Understandably, many parents get in the habit of claiming their children as dependents
on their federal tax returns. You generally may do so as long as your child is either
under age 19 (nonstudents) or under age 24 (students). But there is a reason to not
claim your child as a dependent - and it has everything to do with higher education.
Credits and phaseouts
The two primary college-funding tax credits available are the American Opportunity
credit and the Lifetime Learning credit. Thanks to recently passed legislation, the
American Opportunity credit now permanently allows eligible taxpayers to take an
annual credit of up to $2,500 for the first four years of postsecondary education.
Meanwhile, the Lifetime Learning credit provides up to $2,000 in relief to those
eligible. (You can't claim both credits in the same year for the same student.)
But these credits are subject to "phaseouts" that limit eligibility for higher-income
taxpayers. For example, for 2015, eligibility for the American Opportunity credit
begins to phase out for taxpayers with modified adjusted gross incomes (MAGIs) beyond
$80,000 (single filers) or $160,000 (married couples filing jointly). Similarly,
eligibility for the Lifetime Learning Credit begins to phase out for taxpayers with
MAGIs beyond $55,000 (singles) or $110,000 (joint filers).
If your income disqualifies you from claiming these credits, your child's income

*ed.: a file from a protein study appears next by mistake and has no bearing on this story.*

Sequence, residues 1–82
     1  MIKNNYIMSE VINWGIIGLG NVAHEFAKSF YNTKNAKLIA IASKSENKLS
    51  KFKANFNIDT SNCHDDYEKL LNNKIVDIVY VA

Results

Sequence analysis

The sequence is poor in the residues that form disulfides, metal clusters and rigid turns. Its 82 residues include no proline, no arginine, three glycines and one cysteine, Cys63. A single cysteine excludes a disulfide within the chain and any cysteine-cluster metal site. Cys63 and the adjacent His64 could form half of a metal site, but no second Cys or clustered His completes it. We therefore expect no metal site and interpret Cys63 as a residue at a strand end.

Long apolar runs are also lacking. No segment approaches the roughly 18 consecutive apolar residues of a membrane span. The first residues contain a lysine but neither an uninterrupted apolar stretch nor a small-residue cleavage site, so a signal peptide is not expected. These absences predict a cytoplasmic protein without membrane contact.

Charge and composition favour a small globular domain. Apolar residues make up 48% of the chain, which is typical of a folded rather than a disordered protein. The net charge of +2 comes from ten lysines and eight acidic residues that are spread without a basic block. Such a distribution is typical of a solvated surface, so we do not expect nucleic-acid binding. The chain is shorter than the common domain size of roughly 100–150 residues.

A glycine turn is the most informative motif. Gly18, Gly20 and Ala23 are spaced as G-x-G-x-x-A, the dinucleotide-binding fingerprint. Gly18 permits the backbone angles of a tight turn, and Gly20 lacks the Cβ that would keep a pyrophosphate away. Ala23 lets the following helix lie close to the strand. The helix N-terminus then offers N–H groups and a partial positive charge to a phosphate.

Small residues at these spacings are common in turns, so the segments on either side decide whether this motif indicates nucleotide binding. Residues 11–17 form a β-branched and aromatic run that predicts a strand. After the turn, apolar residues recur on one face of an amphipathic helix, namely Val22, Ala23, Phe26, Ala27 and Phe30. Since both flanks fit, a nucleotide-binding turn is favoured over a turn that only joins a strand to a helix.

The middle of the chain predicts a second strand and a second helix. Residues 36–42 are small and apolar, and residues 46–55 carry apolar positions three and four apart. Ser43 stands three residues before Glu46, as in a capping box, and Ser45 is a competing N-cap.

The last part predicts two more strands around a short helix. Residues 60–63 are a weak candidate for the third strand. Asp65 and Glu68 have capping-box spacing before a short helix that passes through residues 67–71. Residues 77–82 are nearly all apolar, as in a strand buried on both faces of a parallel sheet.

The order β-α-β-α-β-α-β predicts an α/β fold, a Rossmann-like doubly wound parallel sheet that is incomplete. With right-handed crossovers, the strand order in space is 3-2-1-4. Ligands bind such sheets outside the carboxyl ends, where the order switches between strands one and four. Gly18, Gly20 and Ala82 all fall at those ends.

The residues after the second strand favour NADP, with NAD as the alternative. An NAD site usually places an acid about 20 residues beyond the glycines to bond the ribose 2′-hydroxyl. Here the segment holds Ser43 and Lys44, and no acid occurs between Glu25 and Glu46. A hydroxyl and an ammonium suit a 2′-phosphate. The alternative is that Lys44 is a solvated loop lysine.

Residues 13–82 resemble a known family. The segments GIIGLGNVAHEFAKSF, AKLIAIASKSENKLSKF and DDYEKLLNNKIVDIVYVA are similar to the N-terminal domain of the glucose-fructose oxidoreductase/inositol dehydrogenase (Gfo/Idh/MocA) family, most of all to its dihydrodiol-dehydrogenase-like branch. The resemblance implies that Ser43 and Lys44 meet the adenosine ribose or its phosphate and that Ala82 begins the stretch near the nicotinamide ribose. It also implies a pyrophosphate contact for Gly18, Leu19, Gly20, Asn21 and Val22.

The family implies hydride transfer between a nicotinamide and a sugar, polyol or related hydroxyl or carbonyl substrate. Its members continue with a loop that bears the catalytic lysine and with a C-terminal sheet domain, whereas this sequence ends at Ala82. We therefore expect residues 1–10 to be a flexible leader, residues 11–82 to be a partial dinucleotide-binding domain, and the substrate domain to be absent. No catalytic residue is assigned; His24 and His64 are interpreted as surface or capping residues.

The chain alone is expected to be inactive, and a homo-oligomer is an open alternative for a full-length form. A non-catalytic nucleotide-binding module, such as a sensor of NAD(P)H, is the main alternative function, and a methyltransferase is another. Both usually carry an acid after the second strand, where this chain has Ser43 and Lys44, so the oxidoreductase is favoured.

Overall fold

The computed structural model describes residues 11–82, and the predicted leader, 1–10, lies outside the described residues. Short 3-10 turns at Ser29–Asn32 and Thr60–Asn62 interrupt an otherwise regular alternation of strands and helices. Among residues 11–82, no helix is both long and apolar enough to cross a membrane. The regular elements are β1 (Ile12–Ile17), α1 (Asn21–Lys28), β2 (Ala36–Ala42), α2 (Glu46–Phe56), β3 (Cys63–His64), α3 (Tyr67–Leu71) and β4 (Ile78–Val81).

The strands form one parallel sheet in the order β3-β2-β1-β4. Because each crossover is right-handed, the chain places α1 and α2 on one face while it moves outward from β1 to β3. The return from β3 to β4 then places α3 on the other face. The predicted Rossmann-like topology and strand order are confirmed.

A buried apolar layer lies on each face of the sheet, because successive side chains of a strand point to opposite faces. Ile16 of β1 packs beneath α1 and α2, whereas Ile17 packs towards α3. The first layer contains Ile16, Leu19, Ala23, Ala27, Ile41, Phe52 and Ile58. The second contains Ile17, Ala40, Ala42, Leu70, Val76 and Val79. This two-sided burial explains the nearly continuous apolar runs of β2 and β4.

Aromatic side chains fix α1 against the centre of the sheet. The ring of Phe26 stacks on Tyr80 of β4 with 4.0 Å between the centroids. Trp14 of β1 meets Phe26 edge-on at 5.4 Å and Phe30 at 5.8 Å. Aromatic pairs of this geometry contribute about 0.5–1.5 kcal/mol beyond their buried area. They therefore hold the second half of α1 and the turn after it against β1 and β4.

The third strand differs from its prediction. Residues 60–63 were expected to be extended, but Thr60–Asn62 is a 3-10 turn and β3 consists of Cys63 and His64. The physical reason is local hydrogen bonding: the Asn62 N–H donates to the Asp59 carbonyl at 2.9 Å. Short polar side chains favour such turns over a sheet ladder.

probably doesn't disqualify him or her. Therefore, your child may be able to report
payment of education expenses for tax purposes and then claim one of the credits -
but only if you don't claim him or her as a dependent.
Under this scenario, the child's tax benefit typically outweighs the value of the
dependency exemption to the parents. Why? First, a credit reduces taxes
dollar-for-dollar, while an exemption reduces only the amount of taxable income.
Second, an income-based phaseout may reduce or eliminate the benefit of the exemption
even if you did claim your child as a dependent. For 2015, the phaseout starting
points for the exemption are adjusted gross incomes of $258,250 (singles) and
$309,900 (joint filers).
The right call
If your dependency exemption is phased out, it will probably make sense not to claim
your child as a dependent so he or she can grab a tax credit. But if your exemption
isn't phased out or is only partially phased out, the decision becomes trickier. We
can help you make the right call.
This publication is distributed with the understanding that the author, publisher and
distributor are not rendering legal, accounting or other professional advice or
opinions on specific facts or matters, and, accordingly, assume no liability
whatsoever in connection with its use. The information contained in this newsletter
was not intended or written to be used and cannot be used for the purpose of (1)
avoiding tax-related penalties prescribed by the Internal Revenue Code or (2)
promoting or marketing any tax-related matter addressed herein. © 2016